Book Excerpts and News

Author Steven T. Callan receives the "Best Outdoor Book of 2016" award, from the Outdoor Writers Association of California, for his sequel, The Game Warden's Son.

“Best Outdoor Book of 2016” — The Game Warden’s Son

Author Steven T. Callan receives the "Best Outdoor Book of 2016" award, from the Outdoor Writers Association of California, for his sequel, The Game Warden's Son.

Outdoor Writers Association of California president Tom Martens and yours truly.

Last week, the Outdoor Writers Association of California presented me with the “Best Outdoor Book of 2016” award for my sequel, The Game Warden’s Son. What an honor to be recognized by this prestigious group of outstanding professional writers. I couldn’t be more excited!

Mount Whitney Fish Hatchery, which is featured in "Crowley Trout Opener," a chapter in Badges, Bears, and Eagles--The True-Life Adventures of a California Fish and Game Warden by Steven T. Callan.

Crowley Trout Opener

Mount Whitney Fish Hatchery, which is featured in "Crowley Trout Opener," a chapter in Badges, Bears, and Eagles--The True-Life Adventures of a California Fish and Game Warden by Steven T. Callan.

Mount Whitney Fish Hatchery. Photo by Kathy Callan.

The last weekend in April marked the opening of trout season in California’s Eastern Sierra Mountains. This annual spectacle rivals the Mardi Gras in New Orleans or spring break in Palm Beach.

Highway 395 out of the Los Angeles basin was jammed with a steady stream of cars, trucks, motor homes, and trailers, all the way to Bridgeport. Every motel in Lone Pine, Bishop, Mammoth Lakes, Lee Vining, and Bridgeport was booked and every campsite was full. What Christmas is to department stores, trout opener was to businesses in the Eastern Sierras. Fish and Game wardens from all over Southern California were commandeered to leave their own manageable districts and spend three days in virtual chaos.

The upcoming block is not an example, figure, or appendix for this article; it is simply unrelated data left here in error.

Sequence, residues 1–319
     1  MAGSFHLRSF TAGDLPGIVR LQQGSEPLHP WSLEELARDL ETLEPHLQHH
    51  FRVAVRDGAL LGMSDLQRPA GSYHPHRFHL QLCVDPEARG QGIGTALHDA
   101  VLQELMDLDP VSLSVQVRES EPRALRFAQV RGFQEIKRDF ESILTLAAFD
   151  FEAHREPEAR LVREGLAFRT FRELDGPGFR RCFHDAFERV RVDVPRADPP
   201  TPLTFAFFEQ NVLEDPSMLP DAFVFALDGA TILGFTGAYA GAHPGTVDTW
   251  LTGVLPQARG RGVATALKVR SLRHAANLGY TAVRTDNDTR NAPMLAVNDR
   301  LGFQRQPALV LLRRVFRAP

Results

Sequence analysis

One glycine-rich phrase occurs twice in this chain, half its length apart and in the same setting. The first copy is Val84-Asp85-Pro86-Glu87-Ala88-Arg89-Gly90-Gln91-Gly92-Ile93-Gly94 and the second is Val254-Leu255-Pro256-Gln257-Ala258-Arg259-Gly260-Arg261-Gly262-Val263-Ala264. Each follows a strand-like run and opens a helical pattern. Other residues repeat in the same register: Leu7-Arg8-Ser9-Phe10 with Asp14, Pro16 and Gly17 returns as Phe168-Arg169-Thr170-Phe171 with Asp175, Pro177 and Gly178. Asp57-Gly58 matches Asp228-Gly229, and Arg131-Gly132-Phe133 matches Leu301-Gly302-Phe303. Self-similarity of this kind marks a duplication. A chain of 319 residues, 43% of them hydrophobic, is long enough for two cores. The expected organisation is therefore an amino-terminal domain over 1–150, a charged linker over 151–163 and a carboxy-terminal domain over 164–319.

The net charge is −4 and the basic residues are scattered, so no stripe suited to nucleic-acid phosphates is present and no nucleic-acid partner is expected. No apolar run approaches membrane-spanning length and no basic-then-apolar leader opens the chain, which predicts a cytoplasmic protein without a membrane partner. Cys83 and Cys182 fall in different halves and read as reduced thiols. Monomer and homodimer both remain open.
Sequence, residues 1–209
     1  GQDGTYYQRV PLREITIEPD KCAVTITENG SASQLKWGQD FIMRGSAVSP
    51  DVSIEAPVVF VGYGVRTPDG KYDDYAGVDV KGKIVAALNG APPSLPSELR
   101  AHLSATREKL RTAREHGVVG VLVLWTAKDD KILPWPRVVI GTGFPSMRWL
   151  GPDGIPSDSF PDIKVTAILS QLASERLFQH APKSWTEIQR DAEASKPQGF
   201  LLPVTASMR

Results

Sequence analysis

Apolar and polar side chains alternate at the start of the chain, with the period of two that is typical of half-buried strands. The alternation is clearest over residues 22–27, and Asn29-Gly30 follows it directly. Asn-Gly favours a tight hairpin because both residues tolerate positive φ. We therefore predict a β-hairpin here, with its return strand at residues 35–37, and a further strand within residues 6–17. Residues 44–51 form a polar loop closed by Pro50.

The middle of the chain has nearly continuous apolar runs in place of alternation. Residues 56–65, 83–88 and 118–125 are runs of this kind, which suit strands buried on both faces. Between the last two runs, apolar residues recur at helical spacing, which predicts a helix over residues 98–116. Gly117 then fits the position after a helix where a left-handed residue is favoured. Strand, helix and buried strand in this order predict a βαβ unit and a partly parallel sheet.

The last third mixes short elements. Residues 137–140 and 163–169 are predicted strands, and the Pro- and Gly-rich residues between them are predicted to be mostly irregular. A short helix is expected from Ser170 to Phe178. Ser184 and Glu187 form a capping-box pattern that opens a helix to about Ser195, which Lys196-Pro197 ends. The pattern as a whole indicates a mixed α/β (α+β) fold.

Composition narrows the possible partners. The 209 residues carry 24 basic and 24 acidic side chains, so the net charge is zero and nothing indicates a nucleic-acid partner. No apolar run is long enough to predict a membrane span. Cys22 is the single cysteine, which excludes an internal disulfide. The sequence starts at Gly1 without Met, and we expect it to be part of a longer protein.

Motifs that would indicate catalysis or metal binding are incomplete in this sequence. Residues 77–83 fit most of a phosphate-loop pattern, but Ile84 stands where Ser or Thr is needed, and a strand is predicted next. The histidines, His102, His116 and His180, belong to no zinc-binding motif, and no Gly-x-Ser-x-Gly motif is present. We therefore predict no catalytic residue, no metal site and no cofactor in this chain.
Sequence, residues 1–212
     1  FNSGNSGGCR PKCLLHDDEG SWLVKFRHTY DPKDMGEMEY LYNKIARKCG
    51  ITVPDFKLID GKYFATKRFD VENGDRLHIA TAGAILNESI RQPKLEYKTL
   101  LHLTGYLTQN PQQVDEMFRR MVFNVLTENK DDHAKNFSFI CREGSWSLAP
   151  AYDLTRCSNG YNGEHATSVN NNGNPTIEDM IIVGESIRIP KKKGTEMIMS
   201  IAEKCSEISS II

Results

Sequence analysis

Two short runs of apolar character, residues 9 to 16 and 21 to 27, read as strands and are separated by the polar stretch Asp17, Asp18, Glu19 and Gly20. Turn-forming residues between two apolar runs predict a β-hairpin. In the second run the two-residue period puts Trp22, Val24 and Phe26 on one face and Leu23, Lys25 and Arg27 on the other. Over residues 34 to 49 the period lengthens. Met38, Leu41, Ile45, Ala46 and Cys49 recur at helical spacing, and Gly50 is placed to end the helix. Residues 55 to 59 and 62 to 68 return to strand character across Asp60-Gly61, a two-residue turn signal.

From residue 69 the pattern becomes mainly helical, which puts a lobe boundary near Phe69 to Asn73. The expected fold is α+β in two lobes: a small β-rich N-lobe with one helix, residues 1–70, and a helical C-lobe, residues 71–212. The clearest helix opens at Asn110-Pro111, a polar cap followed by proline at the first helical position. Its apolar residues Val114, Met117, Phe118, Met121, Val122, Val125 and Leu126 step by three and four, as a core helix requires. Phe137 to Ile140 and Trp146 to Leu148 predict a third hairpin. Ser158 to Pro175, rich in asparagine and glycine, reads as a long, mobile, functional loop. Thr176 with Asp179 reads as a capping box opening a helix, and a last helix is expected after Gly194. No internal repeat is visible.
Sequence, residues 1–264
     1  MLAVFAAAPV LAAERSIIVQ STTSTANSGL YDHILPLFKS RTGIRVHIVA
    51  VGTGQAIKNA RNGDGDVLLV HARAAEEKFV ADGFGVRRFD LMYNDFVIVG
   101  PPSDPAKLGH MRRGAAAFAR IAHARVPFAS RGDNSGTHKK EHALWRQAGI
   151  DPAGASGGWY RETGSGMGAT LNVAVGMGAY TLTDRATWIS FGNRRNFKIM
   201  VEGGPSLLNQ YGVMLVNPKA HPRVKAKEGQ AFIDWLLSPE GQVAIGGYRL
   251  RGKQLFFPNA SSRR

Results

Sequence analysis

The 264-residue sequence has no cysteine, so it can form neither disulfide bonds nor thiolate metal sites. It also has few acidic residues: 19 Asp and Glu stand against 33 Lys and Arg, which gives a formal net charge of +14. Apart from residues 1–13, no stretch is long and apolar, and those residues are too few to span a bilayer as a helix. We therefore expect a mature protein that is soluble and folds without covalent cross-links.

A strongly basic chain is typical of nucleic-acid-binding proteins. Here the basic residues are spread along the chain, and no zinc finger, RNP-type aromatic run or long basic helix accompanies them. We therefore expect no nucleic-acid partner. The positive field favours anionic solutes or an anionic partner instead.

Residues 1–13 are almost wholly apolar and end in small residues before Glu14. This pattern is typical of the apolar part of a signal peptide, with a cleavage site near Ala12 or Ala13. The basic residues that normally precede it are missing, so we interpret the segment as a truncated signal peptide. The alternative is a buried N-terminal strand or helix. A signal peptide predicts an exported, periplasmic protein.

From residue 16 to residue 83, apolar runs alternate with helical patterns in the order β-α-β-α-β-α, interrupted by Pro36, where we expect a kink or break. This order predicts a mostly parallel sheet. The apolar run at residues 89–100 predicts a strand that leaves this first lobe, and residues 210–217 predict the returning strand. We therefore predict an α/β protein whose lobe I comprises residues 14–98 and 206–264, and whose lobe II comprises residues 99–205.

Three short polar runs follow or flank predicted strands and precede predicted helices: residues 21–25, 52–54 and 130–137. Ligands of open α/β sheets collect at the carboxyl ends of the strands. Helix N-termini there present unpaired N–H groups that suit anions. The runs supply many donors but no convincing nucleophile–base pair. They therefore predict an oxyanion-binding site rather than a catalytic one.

Ring-necked pheasants were plentiful in and around the rice fields of Butte County during the 1950s.

The Road Hunter

Ring-necked pheasants were plentiful in and around the rice fields of Butte County during the 1950s.

Ring-necked pheasants were plentiful in and around the rice fields of Butte County during the 1950s. Photo by author.

“That’s strange,” said Berg, pulling to a stop and reaching for his binoculars. “What’s that fancy new car doing out here in the middle of all these rice fields?” It was mid-morning in early August 1954, and the enthusiastic young rookie warden was patrolling for pheasant poachers near the Northern California farming community of Biggs.